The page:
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Biorational Pesticides

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Pesticides vary in their toxicity and in their potential ecological impact. Pest control materials that are relatively non-toxic to people with few environmental side effects are sometimes called “biorational” pesticides. These fit well into an integrated pest management strategy, which relies on monitoring for early detection of pests and emphasizes the use of selective products that provide control while preserving the ecological health of the farm and minimizing negative effects on beneficial insects that suppress pests. The term ‘biorational’ is a qualitative term intended to help provide information and guidance for decision making. All pesticides have some toxicity; always read and follow the label regarding agricultural use requirements and personal protective equipment. All of the insecticide products listed as biorationals in the tables below carry the signal word “Caution”, the least toxic classification, on the label. None are federally restricted-use products. Most have dermal and oral LD50 values over 2,000 mg/kg.

Some, but not all, biorationals are approved for use on crops that are certified organic under the National Organic Program. For a given active ingredient, some products or formulations may be approved for use in certified organic crops, while others are not. Products that are generally approved for organic production are designated "OMRI" or "OMRI listed," which indicates they are listed on the website of the Organic Materials Review Institute (http://www.omri.org/omri-lists). Growers should consult with their certifying agency to be sure which products are approved for use.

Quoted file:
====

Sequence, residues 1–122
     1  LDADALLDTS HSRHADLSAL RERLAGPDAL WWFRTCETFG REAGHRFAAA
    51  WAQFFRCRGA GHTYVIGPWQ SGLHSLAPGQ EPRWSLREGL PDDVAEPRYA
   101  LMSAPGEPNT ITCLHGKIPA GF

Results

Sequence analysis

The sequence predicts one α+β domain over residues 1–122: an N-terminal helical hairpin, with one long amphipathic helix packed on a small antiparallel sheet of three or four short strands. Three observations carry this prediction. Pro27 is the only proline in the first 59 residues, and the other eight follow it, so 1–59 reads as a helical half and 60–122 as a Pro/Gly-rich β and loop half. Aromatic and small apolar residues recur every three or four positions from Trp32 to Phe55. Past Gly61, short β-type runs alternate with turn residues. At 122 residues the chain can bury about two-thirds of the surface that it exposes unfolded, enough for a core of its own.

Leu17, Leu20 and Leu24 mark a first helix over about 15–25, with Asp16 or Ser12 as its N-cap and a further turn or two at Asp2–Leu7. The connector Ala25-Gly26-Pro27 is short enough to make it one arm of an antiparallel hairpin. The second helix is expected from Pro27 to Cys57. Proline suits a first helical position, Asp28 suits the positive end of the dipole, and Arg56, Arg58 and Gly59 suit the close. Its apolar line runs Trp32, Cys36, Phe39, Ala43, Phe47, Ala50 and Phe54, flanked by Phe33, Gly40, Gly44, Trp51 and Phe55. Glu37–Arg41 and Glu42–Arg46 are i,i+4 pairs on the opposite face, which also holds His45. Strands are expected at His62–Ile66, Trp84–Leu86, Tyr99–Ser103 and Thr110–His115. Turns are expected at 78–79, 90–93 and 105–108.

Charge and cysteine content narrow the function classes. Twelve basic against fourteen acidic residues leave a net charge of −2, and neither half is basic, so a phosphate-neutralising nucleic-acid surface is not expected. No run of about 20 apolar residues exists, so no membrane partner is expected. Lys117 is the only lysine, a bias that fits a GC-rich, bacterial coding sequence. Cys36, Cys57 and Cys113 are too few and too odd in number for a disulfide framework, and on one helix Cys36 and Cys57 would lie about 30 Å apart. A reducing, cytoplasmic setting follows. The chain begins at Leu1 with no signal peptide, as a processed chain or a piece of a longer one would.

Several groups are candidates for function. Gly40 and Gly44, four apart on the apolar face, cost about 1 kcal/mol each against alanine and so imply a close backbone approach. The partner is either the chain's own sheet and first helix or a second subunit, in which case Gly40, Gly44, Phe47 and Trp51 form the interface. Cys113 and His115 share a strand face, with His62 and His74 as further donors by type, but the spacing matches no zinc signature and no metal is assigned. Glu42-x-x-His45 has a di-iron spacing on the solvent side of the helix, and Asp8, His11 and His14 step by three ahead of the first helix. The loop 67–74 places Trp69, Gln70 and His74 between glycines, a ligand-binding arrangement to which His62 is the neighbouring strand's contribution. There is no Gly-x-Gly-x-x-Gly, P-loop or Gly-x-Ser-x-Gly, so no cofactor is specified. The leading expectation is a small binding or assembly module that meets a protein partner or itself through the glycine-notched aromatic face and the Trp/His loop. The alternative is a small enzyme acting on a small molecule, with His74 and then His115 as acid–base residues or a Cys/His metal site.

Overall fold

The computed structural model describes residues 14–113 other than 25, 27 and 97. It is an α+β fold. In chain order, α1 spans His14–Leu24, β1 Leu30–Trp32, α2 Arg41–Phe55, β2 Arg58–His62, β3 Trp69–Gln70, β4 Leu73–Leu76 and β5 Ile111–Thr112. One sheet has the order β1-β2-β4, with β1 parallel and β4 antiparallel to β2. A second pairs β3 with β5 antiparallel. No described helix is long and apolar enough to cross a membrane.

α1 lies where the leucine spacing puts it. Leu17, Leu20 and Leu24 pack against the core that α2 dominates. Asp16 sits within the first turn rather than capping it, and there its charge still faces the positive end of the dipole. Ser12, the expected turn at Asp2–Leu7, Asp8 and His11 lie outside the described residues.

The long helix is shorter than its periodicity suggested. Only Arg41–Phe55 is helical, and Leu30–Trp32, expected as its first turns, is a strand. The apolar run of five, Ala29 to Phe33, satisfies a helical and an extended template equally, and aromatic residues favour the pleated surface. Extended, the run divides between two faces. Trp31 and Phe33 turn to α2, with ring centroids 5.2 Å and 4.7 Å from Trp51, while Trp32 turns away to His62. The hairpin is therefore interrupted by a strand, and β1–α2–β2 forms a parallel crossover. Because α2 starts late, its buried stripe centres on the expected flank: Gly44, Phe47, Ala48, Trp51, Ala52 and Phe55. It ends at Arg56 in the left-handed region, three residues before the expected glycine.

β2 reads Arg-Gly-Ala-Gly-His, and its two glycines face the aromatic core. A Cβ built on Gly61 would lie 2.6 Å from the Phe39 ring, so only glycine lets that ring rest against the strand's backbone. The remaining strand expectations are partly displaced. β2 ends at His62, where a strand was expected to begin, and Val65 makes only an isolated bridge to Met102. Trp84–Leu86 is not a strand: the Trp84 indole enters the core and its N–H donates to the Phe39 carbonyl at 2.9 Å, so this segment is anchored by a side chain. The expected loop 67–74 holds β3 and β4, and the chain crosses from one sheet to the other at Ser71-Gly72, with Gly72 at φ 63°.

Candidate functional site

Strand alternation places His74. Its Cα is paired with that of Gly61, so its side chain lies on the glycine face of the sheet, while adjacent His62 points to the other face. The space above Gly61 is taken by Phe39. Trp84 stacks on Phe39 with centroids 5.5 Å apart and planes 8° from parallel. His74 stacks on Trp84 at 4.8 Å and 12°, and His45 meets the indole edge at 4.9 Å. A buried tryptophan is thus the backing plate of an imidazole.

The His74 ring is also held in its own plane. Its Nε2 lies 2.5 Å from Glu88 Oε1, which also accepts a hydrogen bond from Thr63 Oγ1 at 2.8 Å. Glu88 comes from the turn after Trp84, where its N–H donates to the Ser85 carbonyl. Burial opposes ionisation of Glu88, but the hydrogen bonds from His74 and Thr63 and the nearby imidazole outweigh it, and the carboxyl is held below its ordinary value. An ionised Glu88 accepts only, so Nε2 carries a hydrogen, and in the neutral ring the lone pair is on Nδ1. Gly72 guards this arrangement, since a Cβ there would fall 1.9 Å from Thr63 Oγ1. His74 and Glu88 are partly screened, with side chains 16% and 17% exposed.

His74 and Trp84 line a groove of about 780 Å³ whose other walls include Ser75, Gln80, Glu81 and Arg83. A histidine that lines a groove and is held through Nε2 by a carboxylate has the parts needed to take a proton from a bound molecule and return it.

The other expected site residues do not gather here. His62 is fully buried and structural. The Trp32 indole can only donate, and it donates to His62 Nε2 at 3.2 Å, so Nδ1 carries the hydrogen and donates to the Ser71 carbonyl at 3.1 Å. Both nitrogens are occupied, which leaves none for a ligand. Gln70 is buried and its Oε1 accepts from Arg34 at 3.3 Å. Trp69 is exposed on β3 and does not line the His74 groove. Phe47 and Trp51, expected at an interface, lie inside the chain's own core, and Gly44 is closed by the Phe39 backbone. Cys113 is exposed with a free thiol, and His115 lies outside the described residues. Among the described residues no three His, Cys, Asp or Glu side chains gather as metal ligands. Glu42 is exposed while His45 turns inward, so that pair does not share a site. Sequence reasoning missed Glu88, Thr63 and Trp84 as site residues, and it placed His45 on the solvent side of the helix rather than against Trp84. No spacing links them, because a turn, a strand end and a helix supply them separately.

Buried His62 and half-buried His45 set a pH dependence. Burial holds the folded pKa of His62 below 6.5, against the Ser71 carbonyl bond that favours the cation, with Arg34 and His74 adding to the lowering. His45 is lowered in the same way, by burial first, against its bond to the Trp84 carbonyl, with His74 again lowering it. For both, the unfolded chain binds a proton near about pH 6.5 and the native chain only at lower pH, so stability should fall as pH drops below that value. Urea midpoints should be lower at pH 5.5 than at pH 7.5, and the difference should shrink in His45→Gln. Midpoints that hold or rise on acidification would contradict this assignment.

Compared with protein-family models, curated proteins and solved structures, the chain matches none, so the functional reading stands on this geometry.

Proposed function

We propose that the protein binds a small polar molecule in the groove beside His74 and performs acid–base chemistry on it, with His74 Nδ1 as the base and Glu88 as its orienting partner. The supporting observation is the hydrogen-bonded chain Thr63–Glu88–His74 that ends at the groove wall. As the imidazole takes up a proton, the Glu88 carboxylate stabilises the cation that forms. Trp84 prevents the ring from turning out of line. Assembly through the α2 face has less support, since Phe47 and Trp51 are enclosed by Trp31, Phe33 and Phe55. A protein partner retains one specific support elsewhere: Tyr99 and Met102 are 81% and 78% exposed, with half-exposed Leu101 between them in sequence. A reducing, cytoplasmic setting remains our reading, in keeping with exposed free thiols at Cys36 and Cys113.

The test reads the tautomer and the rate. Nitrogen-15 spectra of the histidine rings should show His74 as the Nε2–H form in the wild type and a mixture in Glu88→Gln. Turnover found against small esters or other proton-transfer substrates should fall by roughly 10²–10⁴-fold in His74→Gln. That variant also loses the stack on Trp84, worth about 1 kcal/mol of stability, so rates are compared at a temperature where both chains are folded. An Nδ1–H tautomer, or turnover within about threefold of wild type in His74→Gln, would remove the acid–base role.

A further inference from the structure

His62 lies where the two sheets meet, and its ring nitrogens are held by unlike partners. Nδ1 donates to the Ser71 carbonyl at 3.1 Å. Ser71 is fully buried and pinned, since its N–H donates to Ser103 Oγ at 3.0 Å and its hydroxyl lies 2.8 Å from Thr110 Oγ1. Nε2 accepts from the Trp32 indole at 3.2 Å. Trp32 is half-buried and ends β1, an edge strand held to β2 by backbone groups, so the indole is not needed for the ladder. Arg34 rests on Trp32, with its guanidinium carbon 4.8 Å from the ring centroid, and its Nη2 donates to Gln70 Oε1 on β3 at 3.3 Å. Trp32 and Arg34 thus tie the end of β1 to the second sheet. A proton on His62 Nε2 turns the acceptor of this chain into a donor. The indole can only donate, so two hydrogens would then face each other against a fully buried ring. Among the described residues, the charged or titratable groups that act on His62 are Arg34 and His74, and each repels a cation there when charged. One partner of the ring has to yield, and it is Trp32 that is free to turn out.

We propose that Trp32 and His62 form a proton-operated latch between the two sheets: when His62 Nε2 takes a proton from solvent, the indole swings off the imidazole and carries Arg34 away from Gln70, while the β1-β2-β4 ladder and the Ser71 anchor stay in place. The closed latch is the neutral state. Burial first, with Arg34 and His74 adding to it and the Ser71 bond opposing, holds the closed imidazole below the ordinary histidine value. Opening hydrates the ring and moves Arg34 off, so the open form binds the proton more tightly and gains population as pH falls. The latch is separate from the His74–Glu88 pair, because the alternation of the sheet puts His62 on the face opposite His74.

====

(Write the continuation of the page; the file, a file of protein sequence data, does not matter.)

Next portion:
Table 10 lists biorational insecticides and biological controls for insect management. Table 11 lists biorational fungicides and biological controls for disease management. The major categories of biorationals include botanicals, microbials, minerals, and synthetics.

Botanicals are plant-derived materials and include pyrethrin, azadiractin and neem oil, garlic, capsaicin, and vegetable oil. Botanicals are generally short-lived in the environment, as they are broken down rapidly in the presence of light and air. Products derived from the seeds of the Neem tree, including azadiractin and neem oil, are selective and have low mammalian toxicity. Garlic and capsaicin act primarily as repellents and thus need to be reapplied as long as pests are present. They are registered for use on a wide range of crops and pests. However, none are listed in this Guide for commercial use unless they carry the proper agricultural use requirements on the label. Vegetable oil may be derived from soybean, corn or other plants; the only labeled product for commercial use is produced from soybean oil.

Microbial pesticides are formulated microorganisms or their by-products. They tend to be selective, so specific pests may be controlled with little or no effect on non-target organisms. Microbial insecticides include bacteria (Bacillus thuringiensis and spinosad) and fungi (Beauvaria bassiana). While these active ingredients are generally approved for organic crops because of their natural origin, certain formulated products are prohibited because the inert ingredients or procedures used in producing the product may be prohibited.

Minerals and synthetics. Some biorational pesticides are minerals, mined from the earth and minimally processed. Kaolin clay, insecticidal soap, and iron phosphate are examples. Minerals that are heated, chemically reacted, or mixed with surfactants may be considered synthetics. Synthetics include growth inhibitors or insect growth regulators (IGR), materials that interrupt or inhibit the life cycle of a pest.